CN strike means Quebec has less than five days propane left, premier says
Quebec Premier Francois Legault says a strike at Canadian National Railway Co. has left the province with fewer than five days before it runs out of propane, which would wreak havoc at hospitals, nursing homes and farms. He says Quebec has already started to ration propane use, narrowing it to less than half the typical six million litres per day. The province has about 12 million litres in reserve. Legault says priority has been given to health centres and retirement residences that rely on propane heating as well as farms that use it to dry grain and heat barns.
Tractors from Quebec farms rumbled back into Montreal on Monday morning — this time to Prime Minister Justin Trudeau's constituency office, where farmers demanded the government do something about the propane shortage caused by the CN Rail strike.
Last Friday, a convoy of tractors rolled up to CN's head office in downtown Montreal, where farmers declared that their livelihood is being threatened by the propane shortage.
This time, the farmers dumped bags of corn in front of Trudeau's office in Montreal's north end, demanding action.
The strike by CN rail's 3,200 employees is now in its seventh day.
The head of a lobby group representing Quebec farmers and the agricultural industry told Radio-Canada that they don't want to interfere in the labour dispute, but they do want Trudeau to ensure CN is doing what it can to protect their livelihoods.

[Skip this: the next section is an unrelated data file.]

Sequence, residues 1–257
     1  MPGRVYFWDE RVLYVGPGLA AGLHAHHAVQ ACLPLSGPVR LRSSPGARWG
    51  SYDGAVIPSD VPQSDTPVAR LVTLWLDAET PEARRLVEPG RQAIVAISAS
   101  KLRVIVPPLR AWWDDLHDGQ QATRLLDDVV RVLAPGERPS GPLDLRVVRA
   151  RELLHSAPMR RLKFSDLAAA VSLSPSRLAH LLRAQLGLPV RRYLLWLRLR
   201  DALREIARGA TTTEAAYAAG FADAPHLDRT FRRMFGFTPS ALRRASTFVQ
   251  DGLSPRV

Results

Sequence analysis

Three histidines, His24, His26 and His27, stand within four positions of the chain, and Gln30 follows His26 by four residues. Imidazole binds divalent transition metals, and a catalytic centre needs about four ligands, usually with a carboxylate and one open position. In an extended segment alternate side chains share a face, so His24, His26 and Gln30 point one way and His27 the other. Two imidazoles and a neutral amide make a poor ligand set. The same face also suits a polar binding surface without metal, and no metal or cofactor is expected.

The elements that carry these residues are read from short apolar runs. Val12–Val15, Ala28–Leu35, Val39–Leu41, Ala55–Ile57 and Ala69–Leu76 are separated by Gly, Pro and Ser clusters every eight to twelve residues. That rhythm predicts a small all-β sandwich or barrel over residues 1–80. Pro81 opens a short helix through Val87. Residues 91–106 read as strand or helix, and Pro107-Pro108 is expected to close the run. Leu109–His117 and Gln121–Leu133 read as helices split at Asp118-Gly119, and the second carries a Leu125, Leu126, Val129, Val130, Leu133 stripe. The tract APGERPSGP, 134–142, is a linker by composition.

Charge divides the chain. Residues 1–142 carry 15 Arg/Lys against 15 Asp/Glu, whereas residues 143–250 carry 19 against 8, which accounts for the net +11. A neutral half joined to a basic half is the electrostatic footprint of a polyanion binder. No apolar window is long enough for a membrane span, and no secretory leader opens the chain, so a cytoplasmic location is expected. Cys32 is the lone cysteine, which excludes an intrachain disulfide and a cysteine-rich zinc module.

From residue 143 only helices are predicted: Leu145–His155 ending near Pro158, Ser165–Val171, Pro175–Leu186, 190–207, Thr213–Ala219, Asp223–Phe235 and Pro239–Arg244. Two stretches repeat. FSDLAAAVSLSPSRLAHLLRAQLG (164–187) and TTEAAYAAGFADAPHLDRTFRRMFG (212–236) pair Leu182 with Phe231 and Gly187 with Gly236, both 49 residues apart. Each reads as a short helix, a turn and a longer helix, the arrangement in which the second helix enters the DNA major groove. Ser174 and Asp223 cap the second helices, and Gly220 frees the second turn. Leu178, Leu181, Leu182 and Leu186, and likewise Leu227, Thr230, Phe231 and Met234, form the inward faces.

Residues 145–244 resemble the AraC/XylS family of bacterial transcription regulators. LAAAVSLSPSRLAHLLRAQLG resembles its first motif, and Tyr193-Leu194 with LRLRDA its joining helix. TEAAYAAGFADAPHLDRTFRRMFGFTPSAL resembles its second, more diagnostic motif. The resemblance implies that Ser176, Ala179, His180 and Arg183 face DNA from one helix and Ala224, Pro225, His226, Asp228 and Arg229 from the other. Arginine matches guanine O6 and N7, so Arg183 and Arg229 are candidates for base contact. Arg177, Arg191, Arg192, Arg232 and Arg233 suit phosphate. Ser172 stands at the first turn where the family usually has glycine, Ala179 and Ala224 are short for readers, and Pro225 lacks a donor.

Nova Scotia could face propane shortage as CN strike continues
Propane distributors in Nova Scotia are concerned about supplies in the province as the strike at the Canadian National Railway Co. is about to enter its fourth day. While some propane is trucked into Nova Scotia, the majority enters on the CN rail lines.While some propane is trucked into Nova Scotia, the majority enters on CN Rail lines.
Farmers use propane to heat hog barns and henhouses, as well as to dry grain before storage.
Marcel Groleau, president of the Agricultural Producers' Union (UPA), said they're not asking for special legislation to force the CN employees back to work, but they want Trudeau and his government to "put pressure on CN" to prioritize the transportation of propane.
"We're on the alert — it's an intolerable situation," Groleau said.
The UPA rallied dozens of farmers Monday morning to the Claude-Robillard sports complex in Ahuntsic—Cartierville close to Trudeau's constituency office.
Many came by bus, but another 30 came on tractors from Montreal's South Shore, slowing traffic as they made their way over the Jacques-Cartier bridge.
Grain growers set to make case in Ottawa for urgent end to CN strike .
OTTAWA — Canadian farmers and producers are descending on Ottawa to press the case for urgent action to end the Canadian National Railway Co. rail strike now entering its second week. This afternoon, grain growers will hold a press conference in the national capital to outline how the shutdown is impacting their industry, which is already struggling with a tough harvest. "Farmers are on the front lines of this strike, relying on rail to move goods to markets all over the world," the Grain Growers of Canada said in a statement."This disruption, coupled with a universally disastrous harvest could have an impact from which some farmers never recover.